Wednesday, August 11, 2010

The Postmistress by Sarah Blake

The novel opens with the question, "What would you think of a postmistress who chose not to deliver the mail?" It is question that engages the reader and gives pause for thought. At first I was incensed that someone would do this, but then I realized that there must be a reasonable back story. Set in the small village of Franklin on Cape Cod, London and other venues in Europe, The Postmistress is the story of Frankie Bard, a reporter who works with Edward R. Murrow in London, Emma Fitch, newly wed wife of Franklin's doctor, and Iris James, the postmistress and how their lives become intertwined.

The strength of the novel is in the character development, the way Blake creates independent individuals who are also products of their time. I can picture Iris in her uniform carefully sorting and delivering mail. How is it that she didn't carry out her duty? Emma is so quiet, so innocent. She keeps to herself after Will has gone to London to regain the confidence and put off the guilt he feels after a devastating tragedy. She endures the day to day life opening herself to few who look to support her. Frankie is adventurous and outspoken. Her radio broadcasts are filled with human interest at the same time urging those to listen and be aware of the world situation even though a listener might not be directly affected. Her call to action against the Germans falls, for the most part, on deaf ears. As she travels throughout Germany, France, and Spain she interviews and records voices of refugees and Jews who are being forced to relocate. Their stories are deeply touching, but we still turned away from help.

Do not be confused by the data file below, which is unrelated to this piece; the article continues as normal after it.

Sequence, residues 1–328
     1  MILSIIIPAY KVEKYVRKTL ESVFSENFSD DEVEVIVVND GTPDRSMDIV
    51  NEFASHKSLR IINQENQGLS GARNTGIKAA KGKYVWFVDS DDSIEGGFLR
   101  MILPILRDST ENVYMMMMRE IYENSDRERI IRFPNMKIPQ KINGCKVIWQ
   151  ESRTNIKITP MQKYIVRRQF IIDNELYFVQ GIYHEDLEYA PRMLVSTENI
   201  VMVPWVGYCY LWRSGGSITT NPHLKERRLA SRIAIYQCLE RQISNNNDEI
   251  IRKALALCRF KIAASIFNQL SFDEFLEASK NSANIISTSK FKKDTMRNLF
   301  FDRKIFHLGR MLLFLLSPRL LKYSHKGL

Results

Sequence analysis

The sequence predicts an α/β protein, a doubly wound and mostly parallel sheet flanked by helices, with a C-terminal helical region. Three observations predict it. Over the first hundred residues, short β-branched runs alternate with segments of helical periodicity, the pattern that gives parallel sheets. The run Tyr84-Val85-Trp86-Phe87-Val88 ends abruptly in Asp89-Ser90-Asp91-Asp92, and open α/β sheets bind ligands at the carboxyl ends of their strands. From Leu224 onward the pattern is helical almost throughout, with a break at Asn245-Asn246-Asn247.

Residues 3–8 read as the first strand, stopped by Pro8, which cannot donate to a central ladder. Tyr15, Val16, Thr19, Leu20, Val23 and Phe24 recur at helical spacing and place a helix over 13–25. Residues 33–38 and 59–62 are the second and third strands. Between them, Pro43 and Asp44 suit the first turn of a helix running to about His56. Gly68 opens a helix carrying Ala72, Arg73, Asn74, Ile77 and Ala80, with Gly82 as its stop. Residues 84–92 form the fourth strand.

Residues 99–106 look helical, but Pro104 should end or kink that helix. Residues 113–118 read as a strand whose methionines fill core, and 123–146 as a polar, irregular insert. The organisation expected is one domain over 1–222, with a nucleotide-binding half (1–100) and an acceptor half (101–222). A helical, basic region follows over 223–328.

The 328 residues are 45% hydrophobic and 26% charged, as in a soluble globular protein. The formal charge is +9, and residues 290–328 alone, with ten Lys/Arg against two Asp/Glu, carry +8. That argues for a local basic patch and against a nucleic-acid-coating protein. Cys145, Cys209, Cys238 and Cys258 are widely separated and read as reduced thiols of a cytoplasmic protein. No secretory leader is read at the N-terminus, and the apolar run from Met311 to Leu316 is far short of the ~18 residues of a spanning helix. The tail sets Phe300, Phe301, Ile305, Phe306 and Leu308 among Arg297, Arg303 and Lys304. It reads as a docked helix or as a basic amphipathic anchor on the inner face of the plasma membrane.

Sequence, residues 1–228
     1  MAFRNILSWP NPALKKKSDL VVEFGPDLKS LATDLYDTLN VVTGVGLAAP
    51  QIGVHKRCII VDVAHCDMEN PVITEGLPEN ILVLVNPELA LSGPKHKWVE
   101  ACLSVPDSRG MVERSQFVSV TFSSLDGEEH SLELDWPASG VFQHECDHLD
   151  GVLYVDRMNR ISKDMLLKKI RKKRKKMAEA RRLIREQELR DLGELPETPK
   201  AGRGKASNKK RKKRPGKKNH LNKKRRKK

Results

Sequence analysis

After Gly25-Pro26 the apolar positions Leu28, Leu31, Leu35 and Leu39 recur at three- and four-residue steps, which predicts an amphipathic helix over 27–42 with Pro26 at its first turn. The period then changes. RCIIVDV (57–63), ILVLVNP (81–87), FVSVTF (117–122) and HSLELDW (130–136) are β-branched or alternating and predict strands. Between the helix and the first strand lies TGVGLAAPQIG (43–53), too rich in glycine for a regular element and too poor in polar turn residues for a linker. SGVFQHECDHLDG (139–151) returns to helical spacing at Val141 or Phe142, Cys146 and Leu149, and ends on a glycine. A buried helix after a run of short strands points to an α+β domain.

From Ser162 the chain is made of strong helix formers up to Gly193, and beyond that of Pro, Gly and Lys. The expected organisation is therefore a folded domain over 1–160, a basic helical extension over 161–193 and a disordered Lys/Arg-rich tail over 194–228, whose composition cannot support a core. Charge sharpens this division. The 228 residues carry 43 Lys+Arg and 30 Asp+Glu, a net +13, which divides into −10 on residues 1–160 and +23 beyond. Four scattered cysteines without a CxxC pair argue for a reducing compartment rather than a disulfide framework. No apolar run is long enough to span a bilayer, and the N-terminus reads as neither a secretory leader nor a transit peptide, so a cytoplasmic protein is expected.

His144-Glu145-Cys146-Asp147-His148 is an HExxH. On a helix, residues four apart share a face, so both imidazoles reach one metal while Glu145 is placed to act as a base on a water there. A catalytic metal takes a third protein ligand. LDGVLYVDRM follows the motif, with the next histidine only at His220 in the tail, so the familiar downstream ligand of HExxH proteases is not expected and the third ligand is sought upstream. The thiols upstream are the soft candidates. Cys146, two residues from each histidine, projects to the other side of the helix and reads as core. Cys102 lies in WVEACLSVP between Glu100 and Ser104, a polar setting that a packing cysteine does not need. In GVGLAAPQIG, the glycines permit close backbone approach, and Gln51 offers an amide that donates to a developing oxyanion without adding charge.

There is also a quiet to the book, a poignancy that allows the reader to contemplate the action that happens. Whether it is Iris dealing with a moral dilemma, Emma waiting for letters from Will or Frankie comforting a young child, the reader is deeply affected. As the seasons and pages turned, the realization that war is horrible on so many fronts stands out to the reader and becomes the real message of the book.

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